At this point in the year, with so many things going on, and the general stress that goes with the approach of the end of the year, it can be comforting to say “I’m just going to keep doing what I’m doing.”  But here’s the thing, as our student’s attention begins to wain – they see the sunshine and recognize the warm weather, they start thinking about their spring/summer activities that are getting started – it can be difficult to maintain that high level of engagement in the best of situations.  Some of us, without thinking about it, react to that by lowering the cognitive load of our students.  We think that slightly lower expectations may lead to higher engagement.  So, how’s that working for you?

I know that these were choices that I sometimes made when I was in the classroom.  An extra video clip instead of a more challenging activity.  Maybe a simplified version of an activity so that my students could just get through it.  I think back to those choices, and wonder how many of my students I may have short changed in the last few weeks of school.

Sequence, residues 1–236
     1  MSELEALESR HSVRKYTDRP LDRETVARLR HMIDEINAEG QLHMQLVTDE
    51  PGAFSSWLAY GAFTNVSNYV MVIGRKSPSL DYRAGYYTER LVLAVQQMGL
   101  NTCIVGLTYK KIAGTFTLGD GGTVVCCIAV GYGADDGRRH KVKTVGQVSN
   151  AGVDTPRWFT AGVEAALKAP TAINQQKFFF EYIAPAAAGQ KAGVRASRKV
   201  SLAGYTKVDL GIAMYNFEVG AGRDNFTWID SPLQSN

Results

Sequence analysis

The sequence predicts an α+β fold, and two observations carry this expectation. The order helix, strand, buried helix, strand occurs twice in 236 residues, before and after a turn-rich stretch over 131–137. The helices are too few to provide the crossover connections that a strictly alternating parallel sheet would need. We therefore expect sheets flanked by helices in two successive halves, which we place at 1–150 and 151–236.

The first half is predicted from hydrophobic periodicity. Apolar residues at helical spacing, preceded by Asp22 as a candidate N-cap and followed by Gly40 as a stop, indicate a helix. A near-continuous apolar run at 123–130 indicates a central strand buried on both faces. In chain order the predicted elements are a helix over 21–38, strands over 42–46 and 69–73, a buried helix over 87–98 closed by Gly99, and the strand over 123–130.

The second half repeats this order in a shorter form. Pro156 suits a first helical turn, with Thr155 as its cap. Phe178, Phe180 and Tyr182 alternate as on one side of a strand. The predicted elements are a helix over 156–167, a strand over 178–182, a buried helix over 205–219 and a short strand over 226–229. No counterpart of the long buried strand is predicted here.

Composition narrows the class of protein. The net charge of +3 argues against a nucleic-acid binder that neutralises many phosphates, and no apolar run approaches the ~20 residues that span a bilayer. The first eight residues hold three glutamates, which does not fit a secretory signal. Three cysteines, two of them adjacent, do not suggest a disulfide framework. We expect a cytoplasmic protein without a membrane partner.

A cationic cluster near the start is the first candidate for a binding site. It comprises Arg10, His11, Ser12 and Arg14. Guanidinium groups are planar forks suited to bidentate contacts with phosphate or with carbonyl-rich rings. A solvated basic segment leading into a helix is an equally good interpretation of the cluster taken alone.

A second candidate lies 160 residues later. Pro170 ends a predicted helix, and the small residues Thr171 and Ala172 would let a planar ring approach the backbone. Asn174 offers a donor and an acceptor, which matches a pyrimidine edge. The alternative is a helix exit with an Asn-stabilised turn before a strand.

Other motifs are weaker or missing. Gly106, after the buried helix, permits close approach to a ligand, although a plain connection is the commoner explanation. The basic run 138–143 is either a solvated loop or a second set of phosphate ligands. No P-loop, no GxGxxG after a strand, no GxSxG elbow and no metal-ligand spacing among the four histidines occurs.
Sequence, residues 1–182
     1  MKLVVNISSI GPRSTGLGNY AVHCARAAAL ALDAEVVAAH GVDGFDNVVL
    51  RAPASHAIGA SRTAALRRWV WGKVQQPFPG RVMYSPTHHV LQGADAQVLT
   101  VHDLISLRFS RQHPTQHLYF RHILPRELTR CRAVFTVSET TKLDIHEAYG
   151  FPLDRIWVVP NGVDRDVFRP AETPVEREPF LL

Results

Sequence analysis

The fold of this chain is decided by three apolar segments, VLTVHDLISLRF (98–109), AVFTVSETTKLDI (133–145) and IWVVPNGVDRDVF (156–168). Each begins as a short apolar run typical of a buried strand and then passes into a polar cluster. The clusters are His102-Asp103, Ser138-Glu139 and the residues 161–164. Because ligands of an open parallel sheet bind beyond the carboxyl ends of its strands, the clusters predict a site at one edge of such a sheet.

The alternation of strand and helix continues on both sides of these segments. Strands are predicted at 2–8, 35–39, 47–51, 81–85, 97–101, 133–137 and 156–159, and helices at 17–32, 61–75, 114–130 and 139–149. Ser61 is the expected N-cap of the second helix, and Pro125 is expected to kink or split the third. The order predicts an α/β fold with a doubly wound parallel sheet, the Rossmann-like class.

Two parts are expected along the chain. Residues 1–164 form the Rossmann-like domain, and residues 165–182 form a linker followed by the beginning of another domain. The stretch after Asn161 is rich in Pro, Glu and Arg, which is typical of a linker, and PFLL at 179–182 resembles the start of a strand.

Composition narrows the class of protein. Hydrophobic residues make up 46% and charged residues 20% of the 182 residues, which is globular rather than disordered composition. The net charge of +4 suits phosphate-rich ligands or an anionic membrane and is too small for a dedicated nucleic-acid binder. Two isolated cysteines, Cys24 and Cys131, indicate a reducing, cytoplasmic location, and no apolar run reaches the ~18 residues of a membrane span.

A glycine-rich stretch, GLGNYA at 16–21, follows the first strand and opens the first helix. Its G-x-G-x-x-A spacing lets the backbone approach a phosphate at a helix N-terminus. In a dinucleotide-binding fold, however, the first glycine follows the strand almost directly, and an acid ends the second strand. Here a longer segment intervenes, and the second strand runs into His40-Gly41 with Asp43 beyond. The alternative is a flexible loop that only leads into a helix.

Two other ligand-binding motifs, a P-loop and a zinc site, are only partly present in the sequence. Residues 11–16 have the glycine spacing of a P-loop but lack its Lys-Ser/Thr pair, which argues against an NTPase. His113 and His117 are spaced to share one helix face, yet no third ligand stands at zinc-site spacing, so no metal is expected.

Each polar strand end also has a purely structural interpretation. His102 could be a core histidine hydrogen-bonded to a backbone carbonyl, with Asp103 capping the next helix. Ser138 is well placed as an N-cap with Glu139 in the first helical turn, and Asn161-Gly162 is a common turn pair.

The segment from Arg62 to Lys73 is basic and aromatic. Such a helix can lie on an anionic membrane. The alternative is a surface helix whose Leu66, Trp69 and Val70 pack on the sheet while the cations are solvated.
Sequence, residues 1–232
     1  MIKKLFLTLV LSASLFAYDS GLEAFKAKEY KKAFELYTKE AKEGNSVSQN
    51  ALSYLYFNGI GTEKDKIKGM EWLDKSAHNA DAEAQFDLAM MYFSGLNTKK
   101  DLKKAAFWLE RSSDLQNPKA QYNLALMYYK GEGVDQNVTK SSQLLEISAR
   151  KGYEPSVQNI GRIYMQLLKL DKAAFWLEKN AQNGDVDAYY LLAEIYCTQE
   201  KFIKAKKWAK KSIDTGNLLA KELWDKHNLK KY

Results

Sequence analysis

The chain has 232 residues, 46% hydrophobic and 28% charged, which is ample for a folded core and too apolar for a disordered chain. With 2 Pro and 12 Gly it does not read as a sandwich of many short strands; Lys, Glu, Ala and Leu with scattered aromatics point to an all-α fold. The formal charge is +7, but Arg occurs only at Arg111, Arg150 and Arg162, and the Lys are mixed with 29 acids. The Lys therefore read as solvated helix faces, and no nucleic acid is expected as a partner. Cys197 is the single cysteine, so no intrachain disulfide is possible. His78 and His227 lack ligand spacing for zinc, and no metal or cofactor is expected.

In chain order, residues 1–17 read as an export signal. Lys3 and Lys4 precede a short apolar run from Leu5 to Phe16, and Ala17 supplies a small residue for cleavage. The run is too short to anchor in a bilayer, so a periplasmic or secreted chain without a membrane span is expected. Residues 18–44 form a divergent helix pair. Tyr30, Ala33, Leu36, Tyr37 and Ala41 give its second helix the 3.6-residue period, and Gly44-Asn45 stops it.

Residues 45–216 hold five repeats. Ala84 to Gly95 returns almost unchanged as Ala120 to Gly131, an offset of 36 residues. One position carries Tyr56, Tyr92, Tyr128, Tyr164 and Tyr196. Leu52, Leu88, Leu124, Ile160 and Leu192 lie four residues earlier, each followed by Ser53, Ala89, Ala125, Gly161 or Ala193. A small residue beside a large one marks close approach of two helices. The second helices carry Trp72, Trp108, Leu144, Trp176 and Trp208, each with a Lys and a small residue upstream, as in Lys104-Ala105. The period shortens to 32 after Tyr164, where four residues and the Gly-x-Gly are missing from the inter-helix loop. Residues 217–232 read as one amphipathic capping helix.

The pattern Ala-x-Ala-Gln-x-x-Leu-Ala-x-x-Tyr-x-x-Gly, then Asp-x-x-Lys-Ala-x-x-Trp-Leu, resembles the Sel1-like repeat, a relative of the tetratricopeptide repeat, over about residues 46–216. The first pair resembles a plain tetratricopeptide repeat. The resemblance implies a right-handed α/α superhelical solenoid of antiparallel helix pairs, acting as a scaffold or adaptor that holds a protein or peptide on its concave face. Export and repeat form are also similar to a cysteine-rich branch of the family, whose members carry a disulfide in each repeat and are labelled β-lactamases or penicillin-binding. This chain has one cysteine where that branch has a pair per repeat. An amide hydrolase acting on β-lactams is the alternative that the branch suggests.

Keep pushing yourself to look for the new and better activities.  Instead of lowering expectations for students to keep them engaged, throw in a new and exciting activity to amp up the learning in your classroom and hopefully lead to higher engagement for all your students!

What cool new things are you thinking about trying as the end of the year approaches?  What hesitations do you have for trying something new at this time of the year?  Share your thoughts in the comments below.